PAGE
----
On this 7th anniversary of Canon’s announcement of the Canon EOS 5D Mark II, it strikes me that the camera company of my youth is now a global conglomerate in a very different world. But that’s not really my preoccupation these days.
Canon recognize that the consumer camera market – not just DSLRs – is shrinking. They’ve been very busy looking for other growth opportunities, and they’ve begun to place bets with acquisitions like Axis Communications (a video surveillance equipment manufacturer) for $2.8 billion and Milestone (a web-based video surveillance software company) for an undisclosed amount. You can see our interview with Chuck Westfall of Canon here; you can see more about Axis and Milestone from our Canon Expo 2015 walk-about video here.
Security is big business.
And so is Canon – now a Fortune Global 500 company, a company that has grown to a market cap of more than $30 billion.
A truly impressive company, straight up – and nothing like the camera company that produced the Canon FT-QL in the early ‘70s, the first 35mm camera I ever bought.
The reality is, seven years after the Canon 5D Mk II was first launched — and perhaps two years since it became clear that mirrorless isn’t going away — Canon is simply assessing its portfolio of businesses and figuring out where to invest and where to harvest. It seems to me that it has begun to shift some of its resources away from photography and filmmaking to other pursuits. It is responding to the world around it.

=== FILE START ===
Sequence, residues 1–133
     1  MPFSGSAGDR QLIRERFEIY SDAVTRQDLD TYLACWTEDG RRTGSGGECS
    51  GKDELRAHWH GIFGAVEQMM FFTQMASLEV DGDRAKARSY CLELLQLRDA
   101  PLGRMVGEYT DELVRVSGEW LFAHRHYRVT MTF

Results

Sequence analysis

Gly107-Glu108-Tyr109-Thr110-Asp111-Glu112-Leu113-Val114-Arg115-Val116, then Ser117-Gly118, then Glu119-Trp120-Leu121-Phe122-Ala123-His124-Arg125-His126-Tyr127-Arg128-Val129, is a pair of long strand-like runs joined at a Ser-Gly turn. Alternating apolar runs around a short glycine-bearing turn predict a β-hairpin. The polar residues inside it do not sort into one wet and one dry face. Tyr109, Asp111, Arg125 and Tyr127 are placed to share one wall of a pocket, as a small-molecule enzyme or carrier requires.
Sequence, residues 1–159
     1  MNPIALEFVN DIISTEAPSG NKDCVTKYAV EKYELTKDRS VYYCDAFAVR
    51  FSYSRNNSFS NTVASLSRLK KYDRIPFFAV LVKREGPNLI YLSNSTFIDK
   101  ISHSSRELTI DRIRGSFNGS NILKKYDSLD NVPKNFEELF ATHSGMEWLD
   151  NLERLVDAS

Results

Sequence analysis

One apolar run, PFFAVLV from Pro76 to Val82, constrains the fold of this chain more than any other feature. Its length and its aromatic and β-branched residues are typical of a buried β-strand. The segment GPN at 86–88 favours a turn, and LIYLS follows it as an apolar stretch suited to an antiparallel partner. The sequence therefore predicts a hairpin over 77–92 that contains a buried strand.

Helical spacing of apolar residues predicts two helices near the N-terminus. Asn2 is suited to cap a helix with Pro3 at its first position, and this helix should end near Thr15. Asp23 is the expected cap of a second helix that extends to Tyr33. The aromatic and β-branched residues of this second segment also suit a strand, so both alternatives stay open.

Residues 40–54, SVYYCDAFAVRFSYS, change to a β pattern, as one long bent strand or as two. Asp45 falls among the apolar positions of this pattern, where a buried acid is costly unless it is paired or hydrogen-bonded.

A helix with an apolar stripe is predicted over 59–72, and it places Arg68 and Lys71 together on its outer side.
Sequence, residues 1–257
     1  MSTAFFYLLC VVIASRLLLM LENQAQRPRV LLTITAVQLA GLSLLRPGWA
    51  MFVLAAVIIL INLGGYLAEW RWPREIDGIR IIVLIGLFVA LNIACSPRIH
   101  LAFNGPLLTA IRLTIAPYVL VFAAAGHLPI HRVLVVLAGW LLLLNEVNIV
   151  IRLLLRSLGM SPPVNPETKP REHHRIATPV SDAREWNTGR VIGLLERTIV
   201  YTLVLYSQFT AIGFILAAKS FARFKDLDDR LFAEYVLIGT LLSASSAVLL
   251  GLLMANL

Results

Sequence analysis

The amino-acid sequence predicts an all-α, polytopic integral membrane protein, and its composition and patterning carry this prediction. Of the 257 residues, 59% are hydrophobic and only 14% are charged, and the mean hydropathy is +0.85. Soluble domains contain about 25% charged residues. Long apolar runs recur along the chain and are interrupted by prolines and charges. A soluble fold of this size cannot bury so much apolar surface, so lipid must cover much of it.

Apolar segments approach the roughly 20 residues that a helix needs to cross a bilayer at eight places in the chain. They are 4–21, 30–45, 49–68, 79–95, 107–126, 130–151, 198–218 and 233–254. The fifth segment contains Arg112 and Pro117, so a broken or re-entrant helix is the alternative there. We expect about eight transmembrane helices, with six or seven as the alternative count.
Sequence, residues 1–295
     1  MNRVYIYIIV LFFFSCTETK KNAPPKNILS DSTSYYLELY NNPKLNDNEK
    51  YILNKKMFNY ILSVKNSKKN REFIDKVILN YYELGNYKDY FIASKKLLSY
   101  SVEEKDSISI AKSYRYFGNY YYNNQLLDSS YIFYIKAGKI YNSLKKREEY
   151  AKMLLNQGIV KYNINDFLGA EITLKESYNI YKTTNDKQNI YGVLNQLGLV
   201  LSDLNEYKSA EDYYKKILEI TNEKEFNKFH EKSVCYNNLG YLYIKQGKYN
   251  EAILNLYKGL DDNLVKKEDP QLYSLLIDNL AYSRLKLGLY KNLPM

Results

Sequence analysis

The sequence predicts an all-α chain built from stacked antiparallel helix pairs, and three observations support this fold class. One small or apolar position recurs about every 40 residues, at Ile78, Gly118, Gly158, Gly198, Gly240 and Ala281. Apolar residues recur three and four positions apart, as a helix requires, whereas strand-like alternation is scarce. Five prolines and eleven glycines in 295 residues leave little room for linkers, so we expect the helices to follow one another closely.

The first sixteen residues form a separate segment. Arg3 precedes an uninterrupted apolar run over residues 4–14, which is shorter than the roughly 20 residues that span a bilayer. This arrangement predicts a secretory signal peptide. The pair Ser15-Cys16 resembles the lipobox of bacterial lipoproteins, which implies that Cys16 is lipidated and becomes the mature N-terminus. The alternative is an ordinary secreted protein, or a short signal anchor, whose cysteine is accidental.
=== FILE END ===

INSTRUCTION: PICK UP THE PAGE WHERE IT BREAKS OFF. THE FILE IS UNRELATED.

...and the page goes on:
And what a world it is.
We countenance inequality everywhere (income, gender, race, sexuality). Climate change contributes to record flooding, drought and wild fires. We are witness to and collaborators in a political season in the U.S of candidates and “debates” truly cringe-worthy, even as we ignore enormous dislocations of people around the world savaged by war, our own profligacy, and crumbling civil rights. We are victims and the weak-minded enablers of the use of fear as a tool of manipulation by too many governments.
We the people are powerful and enfeebled.
I find myself thinking — whether you recognize this as a quote from Uncle Ben in SPIDERMAN or Voltaire — that it is more important than ever to remember that “with great power comes great responsibility;” and from Hippocrates, “do no harm.”
And that as photographers, videographers and artists, it has never been more important – it is our obligation — to help people see clearly the world around them.
THAT’s what I’m thinking about seven years after Canon launched the 5D Mk II.
(cover photo credit: snap from Hugh Brownstone)